Every bite is filled with wonder, but perhaps best of all is the morsel dubbed “nigiri,” which looks like a French macaron but is actually a nickel-sized shaving of raw salmon layered onto the most ethereal rice cracker and topped with a cutout of shisho leaf and a thimble of wasabi. It is one of the most extraordinary things I’ve eaten in years, perhaps decades.
It is always risky returning to a restaurant that I previously thought of as superb. The chances are high that it won’t live up to the memory that I’ve nurtured for years. Once that initial element of surprise is gone, expectations can be extremely difficult to satisfy. Memories have a way of evolving and morphing over time.
Nine years had lapsed since my last meal at Addison in San Diego, and I’d grown perfectly content with my tucked-away memories. From those earlier visits, I fondly remembered chef William Bradley as an absolute master of French haute cuisine. But I hadn’t thought much about the restaurant lately, that is until the recent announcement that Addison had earned a second Michelin star, making this the prestigious guide’s highest-rated restaurant south of Los Angeles.
So I returned to Addison last month — my fourth time to dine here since the restaurant opened in 2006 — with very high expectations.
I anticipated that Addison would prove superb yet again. It has always been that. What I didn’t realize, however, is that since my last visit the chef has aggressively pushed this kitchen toward a more global, modern ethos, a striking evolution for which he is quick to share credit with chef de cuisine (and long-time protégé) Stefani De Palma.
Spoiler: This visit isn’t merely superb. Every detail from start to finish is exquisite. I am blown away — and that’s not something I say often.
But let’s back up for a second. For anyone not familiar, Addison sits within the gated confines of the Fairmont Grand Del Mar resort in north San Diego County, midway between Oceanside and downtown, a few miles inland from Torrey Pines. Guests staying at the property as I am on this visit (updated hotel review here), are shuttled to and from the restaurant (which is really just a short walk up the hill) in one of the Fairmont’s many luxury SUVs.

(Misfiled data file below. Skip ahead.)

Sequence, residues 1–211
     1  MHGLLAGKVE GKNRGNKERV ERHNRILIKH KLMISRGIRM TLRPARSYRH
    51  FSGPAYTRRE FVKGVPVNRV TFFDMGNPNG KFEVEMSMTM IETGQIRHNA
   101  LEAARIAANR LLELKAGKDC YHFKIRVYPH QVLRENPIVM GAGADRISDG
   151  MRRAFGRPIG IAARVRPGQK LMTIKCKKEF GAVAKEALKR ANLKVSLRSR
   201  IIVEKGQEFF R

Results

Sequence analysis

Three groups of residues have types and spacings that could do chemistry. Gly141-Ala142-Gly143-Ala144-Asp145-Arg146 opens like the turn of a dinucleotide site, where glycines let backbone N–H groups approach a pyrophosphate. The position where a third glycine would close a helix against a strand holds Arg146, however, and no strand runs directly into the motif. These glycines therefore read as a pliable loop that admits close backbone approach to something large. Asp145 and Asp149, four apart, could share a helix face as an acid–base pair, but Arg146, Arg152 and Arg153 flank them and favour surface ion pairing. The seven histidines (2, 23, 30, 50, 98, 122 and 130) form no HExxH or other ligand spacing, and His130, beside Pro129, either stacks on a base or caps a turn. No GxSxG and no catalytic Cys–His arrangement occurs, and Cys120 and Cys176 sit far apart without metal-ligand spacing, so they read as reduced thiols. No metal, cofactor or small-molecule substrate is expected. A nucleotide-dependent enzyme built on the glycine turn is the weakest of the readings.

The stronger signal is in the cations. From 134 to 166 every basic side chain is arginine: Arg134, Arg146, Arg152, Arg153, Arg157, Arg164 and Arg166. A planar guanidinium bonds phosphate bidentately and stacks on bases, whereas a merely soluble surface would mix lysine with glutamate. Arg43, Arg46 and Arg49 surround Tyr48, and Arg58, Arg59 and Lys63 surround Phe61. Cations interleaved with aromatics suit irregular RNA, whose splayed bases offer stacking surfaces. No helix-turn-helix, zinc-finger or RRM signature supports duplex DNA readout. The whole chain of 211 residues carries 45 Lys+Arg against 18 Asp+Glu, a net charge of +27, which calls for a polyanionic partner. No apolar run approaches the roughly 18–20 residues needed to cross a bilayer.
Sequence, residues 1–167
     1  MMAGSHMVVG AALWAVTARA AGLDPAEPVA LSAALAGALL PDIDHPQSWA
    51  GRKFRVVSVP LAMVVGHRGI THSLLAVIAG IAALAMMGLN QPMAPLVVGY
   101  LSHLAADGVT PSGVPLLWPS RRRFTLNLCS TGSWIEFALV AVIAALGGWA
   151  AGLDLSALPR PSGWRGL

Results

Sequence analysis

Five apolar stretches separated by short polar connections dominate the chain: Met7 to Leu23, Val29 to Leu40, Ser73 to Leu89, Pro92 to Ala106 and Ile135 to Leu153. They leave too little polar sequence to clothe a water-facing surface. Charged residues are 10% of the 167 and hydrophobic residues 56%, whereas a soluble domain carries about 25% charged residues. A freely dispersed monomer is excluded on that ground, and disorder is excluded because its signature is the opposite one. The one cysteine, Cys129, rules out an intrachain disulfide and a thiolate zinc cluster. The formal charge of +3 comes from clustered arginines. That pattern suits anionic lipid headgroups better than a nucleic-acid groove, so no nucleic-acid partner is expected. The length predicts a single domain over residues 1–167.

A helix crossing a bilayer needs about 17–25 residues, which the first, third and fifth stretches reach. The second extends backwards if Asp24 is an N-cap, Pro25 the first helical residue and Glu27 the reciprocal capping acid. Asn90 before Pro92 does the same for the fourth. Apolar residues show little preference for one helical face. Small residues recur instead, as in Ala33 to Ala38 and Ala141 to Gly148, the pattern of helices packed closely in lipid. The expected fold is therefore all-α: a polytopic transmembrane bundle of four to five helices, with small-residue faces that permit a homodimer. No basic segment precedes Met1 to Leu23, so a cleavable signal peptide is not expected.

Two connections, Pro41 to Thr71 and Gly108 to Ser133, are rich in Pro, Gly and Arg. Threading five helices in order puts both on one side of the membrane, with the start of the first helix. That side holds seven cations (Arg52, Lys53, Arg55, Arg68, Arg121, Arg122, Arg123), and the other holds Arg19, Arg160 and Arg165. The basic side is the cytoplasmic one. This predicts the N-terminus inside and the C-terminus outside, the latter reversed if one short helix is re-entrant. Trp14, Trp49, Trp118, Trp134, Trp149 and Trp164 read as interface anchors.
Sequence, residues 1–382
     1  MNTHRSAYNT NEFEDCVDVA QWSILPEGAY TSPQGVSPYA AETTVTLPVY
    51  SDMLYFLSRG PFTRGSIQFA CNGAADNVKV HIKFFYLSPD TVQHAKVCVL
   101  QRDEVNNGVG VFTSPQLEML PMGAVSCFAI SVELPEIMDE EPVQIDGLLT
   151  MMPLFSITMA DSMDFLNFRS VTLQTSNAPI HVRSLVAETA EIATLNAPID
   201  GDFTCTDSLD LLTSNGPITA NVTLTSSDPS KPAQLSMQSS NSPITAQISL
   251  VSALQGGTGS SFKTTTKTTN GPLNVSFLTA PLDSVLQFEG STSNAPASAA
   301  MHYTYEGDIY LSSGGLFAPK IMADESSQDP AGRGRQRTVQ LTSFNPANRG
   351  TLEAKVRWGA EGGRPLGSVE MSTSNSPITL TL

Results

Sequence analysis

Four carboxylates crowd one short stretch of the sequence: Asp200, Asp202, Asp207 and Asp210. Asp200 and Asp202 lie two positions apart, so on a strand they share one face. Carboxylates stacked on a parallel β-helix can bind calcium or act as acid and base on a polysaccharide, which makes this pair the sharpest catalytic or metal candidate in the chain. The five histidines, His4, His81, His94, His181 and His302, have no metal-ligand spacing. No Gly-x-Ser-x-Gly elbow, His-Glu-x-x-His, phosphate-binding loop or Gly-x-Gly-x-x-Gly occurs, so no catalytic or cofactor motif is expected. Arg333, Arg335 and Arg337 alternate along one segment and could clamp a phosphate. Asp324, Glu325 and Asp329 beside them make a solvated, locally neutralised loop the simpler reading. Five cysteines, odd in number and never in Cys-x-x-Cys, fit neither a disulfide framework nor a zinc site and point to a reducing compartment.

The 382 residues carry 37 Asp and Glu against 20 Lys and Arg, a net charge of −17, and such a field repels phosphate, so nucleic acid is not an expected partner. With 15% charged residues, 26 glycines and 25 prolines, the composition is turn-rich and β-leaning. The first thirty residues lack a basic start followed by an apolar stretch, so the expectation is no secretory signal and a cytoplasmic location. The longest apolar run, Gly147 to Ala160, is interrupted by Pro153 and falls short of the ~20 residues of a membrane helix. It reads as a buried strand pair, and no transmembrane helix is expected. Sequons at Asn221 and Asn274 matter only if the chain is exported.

Upon entering Addison for the first time in years, the first thing I notice is evidence of a nip/tuck: a softer color palette and rejiggering of the foyer and lounge. Most striking is how few tables there are. Although indoor capacity has always been limited, either a fresh layout or new social distancing appears to have reduced capacity even more. Tables are lavishly spaced, most at least 10 feet apart. The atmosphere feels not only safe for the pandemic era but also luxuriously exclusive. When every seat eventually fills up, I count no more than 50 guests in total.
The opening spectacle of hors d’oeuvre is a difficult act to follow, but the crescendo keeps building. For the next two hours I keep waiting for that one dish that isn’t spectacular, something merely delicious but not stunning. Such a dish never materializes.
With chopsticks, I eat kampachi sashimi with salted kiwi and pickled pear — it is as delicious as it is mysterious. I dip a wooden spoon into a quivering shellfish chawanmushi (Japanese steamed egg custard) glazed with broccoli, bok choy, daikon and uni, not wanting it to end. I marvel at the creaminess of Regiis Ova caviar heaped atop a silken pudding of smoked sabayon and warm sushi rice.
Service all night is masterful. I glance up and see a server waltzing toward me with a dish of something I cannot discern. But where is he going? It’s just him, carrying food for one, so I conclude it’s not meant for me because I’m dining with my partner. Just as he’s about to pass, another waiter arrives in perfect sync from the opposite direction to serve my partner.
Too many times over the years I have referred to service in fine dining as a ballet, but never has that analogy been more apt than it is here. The choreography and grace are breathtaking.
We drink riesling from South Australia, chardonnay from Meursault and burgundy from Côte Chalonnaise. Midway through dinner, the world’s longest potato chip arrives (which I won’t show because I don’t want to completely spoil the surprise), followed by caramelized cod, baked-to-order sourdough bread with goat’s milk butter, a gloriously uncomplicated egg with an embarrassment of white truffles, A5 wagyu with maitake mushrooms…
Everything winds to a close much the way it began, with a blast of tiny treats landing like a meteor shower: a candy bar of praline and chocolate with toasted marshmallow, yuzu and green-tea custard, tarts the size of walnuts that taste of beetroot and berries, and tiny wafer cones made from figs that are filled with peanut butter caramel and topped with shaved white truffles.
Well done, Addison. This visit absolutely ranks on par with my experiences at Saison in San Francisco, Le Meurice in Paris or Twist by Pierre Gagnaire in Las Vegas. Yet, refreshingly, it feels more contemporary than any of those did. A third Michelin star is surely, easily within reach. And maybe even overdue.
By reservation only. From $295 per person; 5200 Grand Del Mar Way, San Diego, California, 858-314-1900, addisondelmar.com